I must admit that I have been fishing around for a congregational lenten project for the past two months and have spent time climbing many a useless tree. Sometimes my work is far from efficient, but alas so it goes. This past year I read a book about Augustine and when I did I intended to read either (or maybe even both) Confessions and City of God. As is true of so many good intentions I have done neither. I should say that I know for certain I read the Confessions before, and I’m far less certain about City (though I suspect I have read bits and pieces from it for classes and such).
One element I recall about Augustine’s writings is that they are often saturated with quotes and allusions to the Book of Psalms. At Westminster we started this year off with an 8 week study of the psalms that was educational, spiritually beneficial, and often moving.
Lent, says the illustrious Wikipedia, is a historical season practiced by many Christians leading up to Easter. It is a season (well 40 days plus Sundays by most counts) marked by grief, repentance, fasting, simple-living, prayer, and the like. It is often associated with giving something up (say chocolate or meat) for a period or more recently picking something up (say daily prayer or bible reading). All of this, of course, leads to the great celebration that is Easter, marking the resurrection of Jesus and beginning of a new era for humanity.
I write by way of introduction to what has lead me to this, and the invitation I am setting out for you. I will read Confessions using the Everyman Library version that I already own and the Philip Burton translation it contains. I am not saying this is the best way, merely the free way for me and I like the fancy ribbon bookmark it has:). There are some old translations (they can be harder to read at times) available for free online. There are also extremely cheap kindle versions if that is more your thing, there are also obviously many translations available for a bit more money via ebook, real book, or audio book.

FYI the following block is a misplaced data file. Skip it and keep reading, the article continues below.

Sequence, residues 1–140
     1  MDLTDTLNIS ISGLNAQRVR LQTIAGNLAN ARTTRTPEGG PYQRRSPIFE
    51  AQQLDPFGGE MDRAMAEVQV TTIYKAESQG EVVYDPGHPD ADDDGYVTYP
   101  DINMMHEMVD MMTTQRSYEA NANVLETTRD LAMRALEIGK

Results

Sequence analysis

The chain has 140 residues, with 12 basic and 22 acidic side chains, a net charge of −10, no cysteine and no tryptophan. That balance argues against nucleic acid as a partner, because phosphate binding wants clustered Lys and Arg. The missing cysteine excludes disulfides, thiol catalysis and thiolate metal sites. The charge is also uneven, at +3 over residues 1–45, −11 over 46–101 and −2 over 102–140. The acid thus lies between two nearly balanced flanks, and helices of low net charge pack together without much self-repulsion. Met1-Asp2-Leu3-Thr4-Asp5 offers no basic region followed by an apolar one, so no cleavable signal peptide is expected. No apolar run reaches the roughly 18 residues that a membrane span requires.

The book is over 1600 years old and has been in constant print, people from many centuries, places, backgrounds, and religious beliefs have found this worthy of reading, they have learned from it, laughed with it, come to faith by it, thrown their bibles out because of it…maybe it is the story about choosing evil for evil’s sake (like when he steal the pear despite not being hungry) that makes this book so approachable to so many people, whatever makes it so, my point is that whoever you are you might be surprised at what you can get out of reading such a classic distanced by such great time and space from us.
My plan—and my suggestion to you—is to read the Confessions over lent. It is not a terribly long book (356 pages in my version if you don’t count the introduction and other such paraphernalia) so that is…about 9 pages a day. I will aim for that but stop where the stoping makes sense, if that is 7 pages or 12…gentleness and practicality is the name of the game. I am not a scholar and I am far from an expert in Augustinian thought, Roman Catholic Theology, or the history of this book and how it has been understood over time. This process will be as close to the blind leading the blind as can be expected, but we can muddle along together if you like.
I will try to pop some thoughts and maybe some prompting questions onto this blog as we go and would be more than happy to hear if you take this on, have any questions you could like addressed of thoughts you want to share along the way.